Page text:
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Study of self-awareness in multiple sclerosis has implications for rehabilitation

Date:
August 23, 2014
Source:
Kessler Foundation
Summary:
Persons with multiple sclerosis may be able to improve their self-awareness through task-oriented cognitive rehabilitation, a study shows. Self-awareness is one's ability to recognize cognitive problems caused by brain injury. This is the first study of self-awareness in MS that includes assessment of online awareness, as well as metacognitive awareness.
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A new study of self-awareness by Kessler Foundation researchers shows that persons with multiple sclerosis (MS) may be able to improve their self-awareness through task-oriented cognitive rehabilitation. The study was epublished ahead of print on July 2 in NeuroRehabilitation. Self-awareness is one's ability to recognize cognitive problems caused by brain injury. This is the first study of self-awareness in MS that includes assessment of online awareness, as well as metacognitive awareness.

Yael Goverover, PhD, OT, is a visiting scientist at Kessler Foundation. She is an associate professor at New York University. Dr. Goverover is a recipient of the National Institute on Disability and Rehabilitation Research Fellowship award (Mary Switzer Award). Drs. Genova, Chiaravalloti and DeLuca are MS researchers at Kessler Foundation.

The researchers assessed 18 people with MS and 16 healthy controls for 2 types of self-awareness -- metacognitive knowledge of disabilities (or intellectual awareness) and online awareness (emergent or anticipatory awareness). They also looked at the relationships among self-awareness, functional performance and quality of life (QoL). Assessment involved the Functional Behavior Profile, questionnaires administered before and after functional tasks (purchasing cookies and airline tickets via the Internet) and the Functional Assessment of Multiple Sclerosis measure.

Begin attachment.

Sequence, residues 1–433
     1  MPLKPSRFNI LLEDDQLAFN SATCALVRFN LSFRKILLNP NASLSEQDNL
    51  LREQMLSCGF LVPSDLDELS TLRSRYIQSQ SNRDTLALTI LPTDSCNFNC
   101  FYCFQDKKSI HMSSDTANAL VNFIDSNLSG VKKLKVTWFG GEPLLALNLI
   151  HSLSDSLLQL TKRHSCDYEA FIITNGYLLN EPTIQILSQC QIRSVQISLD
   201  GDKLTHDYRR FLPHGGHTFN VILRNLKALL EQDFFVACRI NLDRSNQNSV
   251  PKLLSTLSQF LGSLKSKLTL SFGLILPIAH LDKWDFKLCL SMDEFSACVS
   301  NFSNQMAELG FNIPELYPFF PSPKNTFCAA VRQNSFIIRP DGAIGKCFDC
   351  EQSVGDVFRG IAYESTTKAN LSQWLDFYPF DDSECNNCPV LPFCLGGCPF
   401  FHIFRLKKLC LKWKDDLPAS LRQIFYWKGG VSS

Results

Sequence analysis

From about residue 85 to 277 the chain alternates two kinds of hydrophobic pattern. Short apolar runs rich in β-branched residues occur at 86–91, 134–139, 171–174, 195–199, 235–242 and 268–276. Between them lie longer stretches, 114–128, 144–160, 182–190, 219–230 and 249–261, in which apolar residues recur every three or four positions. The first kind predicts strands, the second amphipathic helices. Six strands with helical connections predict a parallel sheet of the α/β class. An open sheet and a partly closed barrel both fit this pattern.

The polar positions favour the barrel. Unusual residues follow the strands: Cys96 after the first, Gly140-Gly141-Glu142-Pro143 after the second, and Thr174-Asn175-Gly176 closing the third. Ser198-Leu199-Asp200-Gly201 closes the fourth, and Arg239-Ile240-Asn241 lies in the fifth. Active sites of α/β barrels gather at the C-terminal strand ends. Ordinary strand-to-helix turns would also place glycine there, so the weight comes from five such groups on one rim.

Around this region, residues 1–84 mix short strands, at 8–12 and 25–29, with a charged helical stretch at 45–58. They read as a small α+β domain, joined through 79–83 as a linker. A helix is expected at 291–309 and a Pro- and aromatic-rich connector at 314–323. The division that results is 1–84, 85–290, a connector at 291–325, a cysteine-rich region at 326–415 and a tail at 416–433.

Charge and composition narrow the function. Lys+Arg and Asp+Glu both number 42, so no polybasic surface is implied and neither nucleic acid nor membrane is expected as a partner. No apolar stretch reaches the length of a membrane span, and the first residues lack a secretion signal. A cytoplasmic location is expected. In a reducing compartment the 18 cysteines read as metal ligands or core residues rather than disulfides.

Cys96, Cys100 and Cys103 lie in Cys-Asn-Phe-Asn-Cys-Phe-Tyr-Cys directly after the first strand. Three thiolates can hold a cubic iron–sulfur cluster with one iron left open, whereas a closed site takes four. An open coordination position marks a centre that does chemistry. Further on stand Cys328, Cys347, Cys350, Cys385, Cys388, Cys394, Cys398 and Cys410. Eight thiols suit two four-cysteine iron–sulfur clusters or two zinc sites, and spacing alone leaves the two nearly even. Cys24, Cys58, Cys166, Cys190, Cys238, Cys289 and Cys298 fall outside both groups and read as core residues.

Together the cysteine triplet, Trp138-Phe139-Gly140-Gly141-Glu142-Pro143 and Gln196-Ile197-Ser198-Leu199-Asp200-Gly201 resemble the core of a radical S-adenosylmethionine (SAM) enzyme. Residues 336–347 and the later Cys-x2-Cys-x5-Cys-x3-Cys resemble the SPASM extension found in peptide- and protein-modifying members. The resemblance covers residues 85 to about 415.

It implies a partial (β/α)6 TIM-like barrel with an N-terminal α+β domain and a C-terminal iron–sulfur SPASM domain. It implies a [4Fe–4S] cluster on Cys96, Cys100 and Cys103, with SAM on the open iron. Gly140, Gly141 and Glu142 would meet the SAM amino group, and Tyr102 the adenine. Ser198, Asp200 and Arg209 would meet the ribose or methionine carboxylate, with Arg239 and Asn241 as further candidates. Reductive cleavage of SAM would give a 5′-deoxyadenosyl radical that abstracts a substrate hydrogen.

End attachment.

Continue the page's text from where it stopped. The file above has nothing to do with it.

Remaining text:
"Results showed that compared with controls, people with MS assessed their actual performance more realistically following completion of a task. This suggests that individuals may be able to improve their self-awareness through more experience with tasks," noted Nancy Chiaravalloti, PhD, director of Neuropsychology & Neuroscience Research at Kessler Foundation.

"Research that leads to better understanding of types of self-awareness, functional outcomes and QOL will aid the development of effective assessments and rehabilitation interventions," said Dr. Chiaravalloti. "The association between online awareness and task performance in this study, for example, may have implications for cognitive rehabilitation strategies in the MS population."


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The above post is reprinted from materials provided by Kessler Foundation. Note: Materials may be edited for content and length.


Journal Reference:

  1. Yael Goverover, Helen Genova, Hali Griswold, Nancy D. Chiaravalloti & John DeLuca. Metacognitive knowledge and online awareness in persons with multiple sclerosis. NeuroRehabilitation, July 2014 DOI: 10.3233/NRE-141113

Cite This Page:

Kessler Foundation. "Study of self-awareness in multiple sclerosis has implications for rehabilitation." ScienceDaily. ScienceDaily, 23 August 2014. <www.sciencedaily.com/releases/2014/08/140823094340.htm>.
Kessler Foundation. (2014, August 23). Study of self-awareness in multiple sclerosis has implications for rehabilitation. ScienceDaily. Retrieved September 2, 2015 from www.sciencedaily.com/releases/2014/08/140823094340.htm
Kessler Foundation. "Study of self-awareness in multiple sclerosis has implications for rehabilitation." ScienceDaily. www.sciencedaily.com/releases/2014/08/140823094340.htm (accessed September 2, 2015).

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